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on April 19, 2011
While this book's claim-to-fame is simplicity, the advice it contains is anything but simplicity. Instead of embracing simplicity, minimalism, or non-consumerism, it's all about finding just the right cabinet paper that feeds your soul, or spending copious amounts of time creating a materialistic journal of all the money-wasting trinkets you'd like to fill your house. I got as far as the page where the author chastises that if you haven't been doing the work of cutting out magazine pictures and pasting them in a journal, you need to stop and not read any further until you've done this important activity. I stopped and didn't read any further. I don't have the time, money, or materialstic bent needed for this journey.
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on May 28, 2000
The essays in this book remind me that thoughts of what might be missing from my life blind me to what is present in it. "There is no scarcity" (the essay for January 12) says: "But worries about money mock you...Without thinking, you throw away every precious twenty-four hours that come your way. You cease to live, and merely exist".
How much more rewarding to examine my life and sort out what I need to live a healthy, satisfying life from the "wants" projected on us daily from ads, TV, movies.
This book's format as a set of daily essays also reminds me to periodically review and see that what I have placed around myself (my possessions) still accurately reflect and nourish who I am today.
I also recently read another book, "Working on Yourself Doesn't Work, a Book About Instantaneous Transformation", by Ariel and Shya Kane, that describes what the authors have discovered about living a deeply satisfying life, full of love and abundance. It has led me many steps further in the discovery of what works and doesn't work in how I have authored my own life.
My experience demonstrates a central theme of the book, that merely observing the mechanics of how I think and behave can have a profound effect on the quality and, yes, the physical abundance (money, home improvements, activities) in my life, without the need to "work on" myself in the hope of someday having a better life. A magical life is indeed available right now!
I recommend both of these books heartily!
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on January 14, 2001
I'm guessing the length as the book is unpaged but it's about 2 inches thick.
Here is a sample sentence :"Learning the soul craft of seasonal healing can bring new depth to our journey toward wholeness".
Here is typical advice, given over and over and over again: "clean out your closet, clean out your spice rack, put together some new outfits, switch to wedge suede sandals, buy yourself flowers, browse in a boutique, take in a movie, be grateful for what you have, skip work and get a European body wrap or a cosmetic makeover, light scented candles, treat yourself to an ice cream cone, light a pretty candle" and so on, ad nauseum. The book is full of contradictions and is incredibly shallow. I can't begin to fathom how this treacle could have "changed my life" for so many readers. I found it a complete waste of money and especially time as it is so long and so repetitive. Obviously I'm in the minority which is why I took the time to send in my review - to balance the scales a bit.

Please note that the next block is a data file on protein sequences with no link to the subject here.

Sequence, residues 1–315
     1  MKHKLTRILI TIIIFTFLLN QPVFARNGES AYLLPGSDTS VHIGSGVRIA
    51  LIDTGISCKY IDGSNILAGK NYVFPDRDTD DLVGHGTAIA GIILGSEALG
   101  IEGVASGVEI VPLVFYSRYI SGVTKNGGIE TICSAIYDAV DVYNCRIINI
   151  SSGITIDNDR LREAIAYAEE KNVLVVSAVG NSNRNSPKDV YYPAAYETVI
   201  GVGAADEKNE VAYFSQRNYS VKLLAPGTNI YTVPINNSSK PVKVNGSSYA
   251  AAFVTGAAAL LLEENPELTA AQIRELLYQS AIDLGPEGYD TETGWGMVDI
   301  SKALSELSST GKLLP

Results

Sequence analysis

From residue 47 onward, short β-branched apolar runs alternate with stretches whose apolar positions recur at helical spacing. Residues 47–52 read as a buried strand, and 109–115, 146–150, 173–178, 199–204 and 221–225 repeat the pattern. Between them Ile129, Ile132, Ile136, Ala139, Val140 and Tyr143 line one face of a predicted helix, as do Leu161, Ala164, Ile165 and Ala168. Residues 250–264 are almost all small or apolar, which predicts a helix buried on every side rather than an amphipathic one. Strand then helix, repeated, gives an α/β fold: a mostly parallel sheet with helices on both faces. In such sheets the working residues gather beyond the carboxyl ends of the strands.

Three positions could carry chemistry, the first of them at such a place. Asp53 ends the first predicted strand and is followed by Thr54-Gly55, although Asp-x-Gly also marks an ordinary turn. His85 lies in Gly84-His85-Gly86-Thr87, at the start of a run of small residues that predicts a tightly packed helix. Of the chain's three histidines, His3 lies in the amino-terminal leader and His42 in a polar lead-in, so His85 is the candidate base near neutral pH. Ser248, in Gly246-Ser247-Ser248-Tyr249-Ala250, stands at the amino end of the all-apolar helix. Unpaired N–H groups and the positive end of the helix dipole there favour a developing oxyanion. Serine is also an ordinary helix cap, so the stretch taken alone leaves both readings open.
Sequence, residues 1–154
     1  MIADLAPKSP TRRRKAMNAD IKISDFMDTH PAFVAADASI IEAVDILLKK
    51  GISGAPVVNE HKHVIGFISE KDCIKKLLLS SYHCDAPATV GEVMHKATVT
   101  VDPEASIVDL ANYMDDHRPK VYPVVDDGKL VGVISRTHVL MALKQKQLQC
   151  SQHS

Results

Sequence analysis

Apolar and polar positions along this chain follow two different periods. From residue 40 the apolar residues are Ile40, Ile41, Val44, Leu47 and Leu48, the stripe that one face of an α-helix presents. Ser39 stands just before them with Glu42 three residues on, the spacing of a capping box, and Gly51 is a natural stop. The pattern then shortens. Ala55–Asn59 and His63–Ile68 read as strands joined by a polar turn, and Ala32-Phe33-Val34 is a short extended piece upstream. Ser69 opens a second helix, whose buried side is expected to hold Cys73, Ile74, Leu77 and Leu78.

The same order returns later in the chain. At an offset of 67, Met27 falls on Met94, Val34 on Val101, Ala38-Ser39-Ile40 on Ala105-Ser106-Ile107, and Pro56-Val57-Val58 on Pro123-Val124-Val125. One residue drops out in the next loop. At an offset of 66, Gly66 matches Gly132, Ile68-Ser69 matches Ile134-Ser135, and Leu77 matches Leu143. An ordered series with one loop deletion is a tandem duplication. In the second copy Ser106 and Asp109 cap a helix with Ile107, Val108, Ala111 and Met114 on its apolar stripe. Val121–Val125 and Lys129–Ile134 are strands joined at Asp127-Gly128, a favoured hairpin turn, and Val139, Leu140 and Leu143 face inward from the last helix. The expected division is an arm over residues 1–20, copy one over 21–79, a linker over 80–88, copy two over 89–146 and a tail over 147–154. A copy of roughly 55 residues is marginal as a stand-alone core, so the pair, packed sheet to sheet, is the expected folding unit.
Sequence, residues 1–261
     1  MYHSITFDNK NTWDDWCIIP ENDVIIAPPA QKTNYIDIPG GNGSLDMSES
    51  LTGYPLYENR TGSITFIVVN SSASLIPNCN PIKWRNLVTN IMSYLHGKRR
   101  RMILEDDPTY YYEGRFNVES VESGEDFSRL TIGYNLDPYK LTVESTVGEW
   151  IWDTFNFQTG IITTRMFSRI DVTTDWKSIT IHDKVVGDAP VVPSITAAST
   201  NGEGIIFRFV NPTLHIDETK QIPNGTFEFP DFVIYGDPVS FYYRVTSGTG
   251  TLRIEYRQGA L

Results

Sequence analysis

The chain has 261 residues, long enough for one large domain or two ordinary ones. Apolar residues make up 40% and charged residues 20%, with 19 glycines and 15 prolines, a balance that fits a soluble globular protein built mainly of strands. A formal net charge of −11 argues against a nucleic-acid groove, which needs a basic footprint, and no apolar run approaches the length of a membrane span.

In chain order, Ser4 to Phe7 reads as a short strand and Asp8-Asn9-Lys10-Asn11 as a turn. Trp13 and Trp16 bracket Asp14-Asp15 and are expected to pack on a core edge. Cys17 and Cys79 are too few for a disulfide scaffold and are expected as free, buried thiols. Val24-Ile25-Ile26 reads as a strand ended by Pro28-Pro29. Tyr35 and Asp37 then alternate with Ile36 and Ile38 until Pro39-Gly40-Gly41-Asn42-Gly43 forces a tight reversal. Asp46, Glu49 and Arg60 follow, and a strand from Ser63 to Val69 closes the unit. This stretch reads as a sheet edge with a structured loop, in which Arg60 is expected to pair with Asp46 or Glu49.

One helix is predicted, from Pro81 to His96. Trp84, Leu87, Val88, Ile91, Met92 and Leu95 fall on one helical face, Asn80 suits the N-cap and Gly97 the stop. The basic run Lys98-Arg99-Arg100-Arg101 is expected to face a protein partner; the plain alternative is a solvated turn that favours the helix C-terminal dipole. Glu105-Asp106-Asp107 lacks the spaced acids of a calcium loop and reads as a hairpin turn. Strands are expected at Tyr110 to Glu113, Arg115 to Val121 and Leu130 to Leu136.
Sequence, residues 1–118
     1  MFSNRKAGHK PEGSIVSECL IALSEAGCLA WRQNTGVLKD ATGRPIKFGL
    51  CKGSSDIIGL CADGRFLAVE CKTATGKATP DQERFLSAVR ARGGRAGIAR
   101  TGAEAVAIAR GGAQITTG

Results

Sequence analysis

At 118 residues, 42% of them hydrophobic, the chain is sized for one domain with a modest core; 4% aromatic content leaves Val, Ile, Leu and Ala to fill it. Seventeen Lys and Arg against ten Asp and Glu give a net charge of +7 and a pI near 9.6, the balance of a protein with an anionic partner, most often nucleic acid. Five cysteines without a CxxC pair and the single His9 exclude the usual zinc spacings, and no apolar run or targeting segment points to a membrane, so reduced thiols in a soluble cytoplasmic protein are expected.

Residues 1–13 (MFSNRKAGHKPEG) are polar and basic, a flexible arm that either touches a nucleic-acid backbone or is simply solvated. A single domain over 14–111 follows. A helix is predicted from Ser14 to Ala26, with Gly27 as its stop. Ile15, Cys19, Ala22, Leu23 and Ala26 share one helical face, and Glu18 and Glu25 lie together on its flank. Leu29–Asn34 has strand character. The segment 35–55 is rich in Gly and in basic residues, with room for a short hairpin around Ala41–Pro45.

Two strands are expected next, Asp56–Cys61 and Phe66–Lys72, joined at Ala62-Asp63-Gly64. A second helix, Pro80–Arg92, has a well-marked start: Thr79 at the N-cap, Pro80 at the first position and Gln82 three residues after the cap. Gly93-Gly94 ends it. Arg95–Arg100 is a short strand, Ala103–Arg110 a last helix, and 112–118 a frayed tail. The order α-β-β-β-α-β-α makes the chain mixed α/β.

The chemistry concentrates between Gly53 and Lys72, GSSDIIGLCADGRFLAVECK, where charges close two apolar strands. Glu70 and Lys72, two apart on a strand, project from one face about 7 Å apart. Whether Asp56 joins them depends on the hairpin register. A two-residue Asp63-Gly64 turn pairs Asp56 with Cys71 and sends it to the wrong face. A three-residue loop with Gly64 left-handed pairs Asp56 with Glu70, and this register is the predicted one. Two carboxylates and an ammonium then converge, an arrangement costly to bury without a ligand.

If you like this type of thing, try Alexandra Stoddard - she gives better advice and is a much better writer.
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on January 10, 2000
I've found the recent negative comments about this book quite interesting. SIMPLE ABUNDANCE is a New Age-type of book. It doesn't pretend to be otherwise. And it speaks to the belief, held by more than a few, that there is within each of us a HIGHER POWER that we can draw upon in our daily efforts to live our lives to the fullest. If you are among those who don't believe that we each draw from some kind of Higher Power -- God, Buddah, or whoever you might call Him (or Her)-- and that some part of that Higher Power is within each of us, then this book is probably NOT for you. Breathnach's references -- and there are numerous references from many, many different sources, including in a few instances, the Bible-- are meant to offer people some guidance on how they can live their lives in spiritual abundance and happiness. It is a book, I believe, that virtually anyone -- regardless of religious beliefs or background -- can come away from reading with something of value to add to their lives. Take whatever part works for you and forget the rest.
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on November 8, 2000
I was given this book as a gift and looked at it as a nice addition to my book collection...but as Career Planning and Development Host for BellaOnline, and as someone who had managed to "lose herself" in caring for others, as I read this I realized that I had been given an indispensable tool in helping rediscover myself!
So many of us spend time as caregivers for others, always taking care of the family, the house, work... we often have a tendency to lose ourselves in the process. This wonderful daybook, designed to be read and worked through one day at a time instead of digested in one sitting, gives you the tools, and yes, the permission, to take the time to search inside yourself.
As a college instructor for employability and lifeskills, I would also add that many of these activities are used both in classes and in coaching to help students and clients discover their true passions.
Well worth reading - even more worthwhile if you are willing to actually do some of the exercises. Take a little time each day for you - you are worth it!